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Here's the deal. I've got cygwin installed in Win7 envionment. This is the sequence of things I would do in a command line and everything works,

File mpc.exe is a 64-bit executable created by Intel Fortran Compiler

cp ./dir1/dir2/mpc.exe ./mpc.exe
./mpc.exe arg1 arg2

everything is fine

Want to create a script for that. The reason is I will want to execute the code for various values of arg2. file "script_mpc.sh" contains following,

#!/bin/sh
cp ./dir1/dir2/mpc.exe ./mpc.exe
./mpc.exe arg1 arg2
wait
return_val=$?
[ $retval -eq 0 ] && echo "successfully executed "

Now back at the command line,

$>chmod +x script_mpc.sh
$>./script_mpc.sh

error:

./script_mpc.sh: line 2: ./mpc.exe: No such file or directory

A very fresh beginner. Learning shell commands and scripting on the go. Please help.

share|improve this question
    
If you really expect this to be a bash script, you need #!/bin/bash at the top, not #!/bin/sh But I don't know if that's your problem, as your files are named with .sh so maybe you don't mean bash in the question. –  Almo Jul 20 '12 at 19:22
    
Did script successfuly copy mpc.exe fo current directory? Try to specify the full path to source mpc.exe in cp command. –  rush Jul 20 '12 at 19:30
    
@Almo: Thanks for replying. I experimented with bash instead of sh at the header. Doesn't make much of a difference there. Same errors. –  apil.tamang Jul 20 '12 at 19:37
    
@rush: I have every reasons to believe the executable was properly copied. The files at destination and source have the same size (i.e. 7053 KB to be precises). However, there's a weird thing going on for sure. Once the copy process is complete, the windows folder does show the following marker for the file: " mpc.exe * ". In detail, the executable name is followed by a white space and a what looks like a floating 'black dot'. I don't know how to not have these characters at the end. They're there regardless of what extension I use, including if I do not specify any extension at all. –  apil.tamang Jul 20 '12 at 19:43
    
However, those extraneous characters at the end, 'white space+floating black dot' doesn't show if the same command, 'cp ./dir1/dir2/mpc.exe ./mpc.exe' is typed at the command line. –  apil.tamang Jul 20 '12 at 19:44

1 Answer 1

up vote 0 down vote accepted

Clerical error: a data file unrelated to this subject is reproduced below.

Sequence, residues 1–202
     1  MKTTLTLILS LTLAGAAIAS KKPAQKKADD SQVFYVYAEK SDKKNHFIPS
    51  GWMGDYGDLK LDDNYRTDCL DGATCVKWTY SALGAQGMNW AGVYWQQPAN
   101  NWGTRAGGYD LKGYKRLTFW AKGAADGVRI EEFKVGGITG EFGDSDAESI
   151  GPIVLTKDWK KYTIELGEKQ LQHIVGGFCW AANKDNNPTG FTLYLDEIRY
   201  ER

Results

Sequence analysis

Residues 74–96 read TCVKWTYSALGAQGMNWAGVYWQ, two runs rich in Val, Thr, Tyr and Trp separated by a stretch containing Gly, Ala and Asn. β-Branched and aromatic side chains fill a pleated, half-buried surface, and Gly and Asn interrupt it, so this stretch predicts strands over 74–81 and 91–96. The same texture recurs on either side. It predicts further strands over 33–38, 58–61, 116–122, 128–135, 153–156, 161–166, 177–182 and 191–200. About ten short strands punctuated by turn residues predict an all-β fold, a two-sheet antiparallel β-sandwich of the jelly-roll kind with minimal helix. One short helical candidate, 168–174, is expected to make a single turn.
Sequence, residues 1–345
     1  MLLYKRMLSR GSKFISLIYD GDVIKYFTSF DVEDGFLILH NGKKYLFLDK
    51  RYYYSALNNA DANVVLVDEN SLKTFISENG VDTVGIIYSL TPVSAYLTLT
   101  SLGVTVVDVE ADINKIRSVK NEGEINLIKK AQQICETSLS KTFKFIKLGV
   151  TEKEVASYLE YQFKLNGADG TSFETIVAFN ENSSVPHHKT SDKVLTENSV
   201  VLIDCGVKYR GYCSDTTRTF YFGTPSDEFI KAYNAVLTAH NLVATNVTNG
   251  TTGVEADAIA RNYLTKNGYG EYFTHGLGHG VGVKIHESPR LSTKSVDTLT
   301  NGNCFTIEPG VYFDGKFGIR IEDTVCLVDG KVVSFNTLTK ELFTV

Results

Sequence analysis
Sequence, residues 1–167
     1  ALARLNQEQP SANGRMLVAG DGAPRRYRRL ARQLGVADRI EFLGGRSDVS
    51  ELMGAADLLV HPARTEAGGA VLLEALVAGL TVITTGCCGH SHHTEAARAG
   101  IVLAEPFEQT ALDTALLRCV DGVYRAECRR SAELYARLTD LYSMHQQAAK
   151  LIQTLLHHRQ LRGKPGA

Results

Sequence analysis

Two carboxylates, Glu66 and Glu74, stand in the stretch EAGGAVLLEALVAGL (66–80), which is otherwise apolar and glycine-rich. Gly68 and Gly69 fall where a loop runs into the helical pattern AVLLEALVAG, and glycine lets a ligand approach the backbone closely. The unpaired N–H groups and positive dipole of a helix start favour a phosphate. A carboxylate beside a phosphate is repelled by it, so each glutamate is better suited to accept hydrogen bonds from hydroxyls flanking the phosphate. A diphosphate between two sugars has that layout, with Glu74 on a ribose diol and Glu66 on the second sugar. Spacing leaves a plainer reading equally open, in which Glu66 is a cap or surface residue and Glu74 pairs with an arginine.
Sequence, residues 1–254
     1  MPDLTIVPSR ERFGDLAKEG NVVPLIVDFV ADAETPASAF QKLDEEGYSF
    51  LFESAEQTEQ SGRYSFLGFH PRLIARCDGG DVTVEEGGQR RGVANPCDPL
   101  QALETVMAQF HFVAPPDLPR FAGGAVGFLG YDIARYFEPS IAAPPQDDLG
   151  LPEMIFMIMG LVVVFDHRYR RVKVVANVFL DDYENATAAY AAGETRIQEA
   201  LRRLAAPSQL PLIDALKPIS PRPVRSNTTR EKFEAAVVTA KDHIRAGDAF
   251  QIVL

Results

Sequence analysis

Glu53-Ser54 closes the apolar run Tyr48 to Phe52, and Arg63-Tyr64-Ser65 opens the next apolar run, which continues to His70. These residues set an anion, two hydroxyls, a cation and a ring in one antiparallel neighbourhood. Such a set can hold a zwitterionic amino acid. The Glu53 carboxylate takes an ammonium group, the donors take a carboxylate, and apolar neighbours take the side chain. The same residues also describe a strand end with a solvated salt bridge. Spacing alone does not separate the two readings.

You're on Cygwin.

I'll bet that this line:

cp ./dir1/dir2/mpc.exe ./mpc.exe

has a Windows-style CR-LF line ending. The shell (either sh or bash) interprets the CR as part of the filename, so it copies the file to "./mpc.exe\r".

Filter the script through dos2unix. Be sure to read the man page first; unlike most text filters, it normally overwrites the input file.

Background:

Unix uses a single ASCII LF character to mark the end of a line in a text file. Windows uses a CR-LF pair. Cygwin is a Unix-like emulation layer on top of Windows, so it tends to be a rich source of problems with conflicting end-of-line representations.

Unix shells, in particular, typically don't recognize the CR as part of an end-of-line indicator; instead, they treat it as just another character -- one that tends to be invisible, depending on how you look at the file.

You probably have a mixture of LF and CR-LF line endings. If it used CR-LF endings consistently, then the #!/bin/sh or #!/bin/bash line wouldn't be recognized.

If possible, use only Unix-style editors (vim, emacs, nano, or whatever you prefer) to edit shell scripts. If you create a script using, say, Notepad or Wordpad, you're likely to run into this kind of problem.

share|improve this answer
    
I think you hit the bull's eye in there. I did use a windows based text editor to create the script. Being a starter, I thought I'd take the easy way out for now until I've mastered some of these subtle formats for linux systems. I think that should work. Thanks again. –  apil.tamang Jul 20 '12 at 20:07
    
@user1538324: I see you're new here; welcome! A couple of things to be aware of: If you like or dislike an answer or question, you can upvote or downvote it by clicking one of the arrows next to the title; this applies to any post. If an answer actually answers your question, you can accept it as the correct answer by clicking the checkmark; you can do this only for questions you asked yourself. There may be some restrictions until you get a few more reputation points. –  Keith Thompson Jul 20 '12 at 20:10

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